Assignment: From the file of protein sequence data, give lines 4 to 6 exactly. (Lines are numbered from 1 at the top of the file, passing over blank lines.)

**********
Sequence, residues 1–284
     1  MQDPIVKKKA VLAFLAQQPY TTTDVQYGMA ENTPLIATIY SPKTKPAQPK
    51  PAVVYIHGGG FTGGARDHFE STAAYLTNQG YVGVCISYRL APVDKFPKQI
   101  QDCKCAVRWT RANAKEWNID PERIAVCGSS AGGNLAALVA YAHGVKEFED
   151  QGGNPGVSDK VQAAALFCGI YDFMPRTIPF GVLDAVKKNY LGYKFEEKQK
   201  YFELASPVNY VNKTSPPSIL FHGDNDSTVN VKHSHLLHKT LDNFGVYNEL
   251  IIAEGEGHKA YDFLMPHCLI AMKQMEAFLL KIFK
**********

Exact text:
   101  QDCKCAVRWT RANAKEWNID PERIAVCGSS AGGNLAALVA YAHGVKEFED
   151  QGGNPGVSDK VQAAALFCGI YDFMPRTIPF GVLDAVKKNY LGYKFEEKQK
   201  YFELASPVNY VNKTSPPSIL FHGDNDSTVN VKHSHLLHKT LDNFGVYNEL